For the reroute at the other end of the engine, I have used the Skidnation thermostat spacer and housing from their reroute kit and a new thermostat. Skidnation doesn’t have the spacer on their website separately but if you email them they are very quick at responding and will sell you the spacer separately.

I know that the heater matrix pipe can be deleted completely, however, I decided to keep this pipe and just link it to the Skidnation spacer for a few reasons.

  • It gives me the option of adding a heater later if I start using the car more for touring.
  • It maintains the original coolant inlet in the side of the engine which saves cost. Plus my Dad did a great job of fixing it!
  • It maintains a level of coolant flow around the engine while the thermostat is closed.

To make it neater I added a slight bend in the existing pipe and added a 90deg silicone hose to attach it to the skidnation spacer. I managed to bend the pipe using an internal pipe bender spring and a bit of heat. I then cleaned the pipe by leaving it to soak in citric acid for a few hours then painted it with Simonez Satin Black paint.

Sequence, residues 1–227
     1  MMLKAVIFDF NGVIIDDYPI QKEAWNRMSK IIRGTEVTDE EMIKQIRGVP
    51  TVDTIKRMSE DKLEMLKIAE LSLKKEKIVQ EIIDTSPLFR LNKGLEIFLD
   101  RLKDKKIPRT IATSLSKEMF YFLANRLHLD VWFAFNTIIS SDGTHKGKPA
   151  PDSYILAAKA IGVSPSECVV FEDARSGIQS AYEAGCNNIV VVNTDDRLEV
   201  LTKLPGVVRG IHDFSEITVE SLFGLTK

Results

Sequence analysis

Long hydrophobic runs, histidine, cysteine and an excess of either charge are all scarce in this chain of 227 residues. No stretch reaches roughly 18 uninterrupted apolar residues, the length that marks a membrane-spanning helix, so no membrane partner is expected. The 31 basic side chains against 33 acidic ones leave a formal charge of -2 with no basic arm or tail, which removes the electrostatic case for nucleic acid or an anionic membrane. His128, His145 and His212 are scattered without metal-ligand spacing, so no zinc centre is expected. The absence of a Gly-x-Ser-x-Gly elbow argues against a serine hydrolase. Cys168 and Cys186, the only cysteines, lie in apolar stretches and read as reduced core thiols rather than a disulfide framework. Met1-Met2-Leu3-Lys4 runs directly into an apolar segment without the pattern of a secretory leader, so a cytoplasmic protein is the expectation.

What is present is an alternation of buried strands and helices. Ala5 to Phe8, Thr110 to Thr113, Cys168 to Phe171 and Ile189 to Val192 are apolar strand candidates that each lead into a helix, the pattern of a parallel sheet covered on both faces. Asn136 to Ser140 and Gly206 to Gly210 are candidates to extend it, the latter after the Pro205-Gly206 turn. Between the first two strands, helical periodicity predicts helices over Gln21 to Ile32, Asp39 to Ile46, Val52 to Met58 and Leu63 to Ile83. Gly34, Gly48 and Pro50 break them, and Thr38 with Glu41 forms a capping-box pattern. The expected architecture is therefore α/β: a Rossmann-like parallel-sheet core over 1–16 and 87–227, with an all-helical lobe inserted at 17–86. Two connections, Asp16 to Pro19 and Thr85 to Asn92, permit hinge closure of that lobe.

Engine Breather

I then created a small bracket to mount the engine breather to. On the Mk2.5 NB2 engine, it is missing one of the threaded holes at the front of the engine normally used to clamp the breather hose to. So I created a small bracket to mount to the corner bolt of the engine.

This works quite well and it’s quite neat with the standard breather hose that comes in the hose pack.

Adding Some Colour

The final bit of the MK Indy engine rebuild was to add a bit more colour to complement the bodywork. I originally painted the VVT pipework on the top silver and realised it would be better (in my opinion) if it was orange. So I set about changing it by using the same RAL2009 Traffic Orange paint I had left over from the Brake Calipers.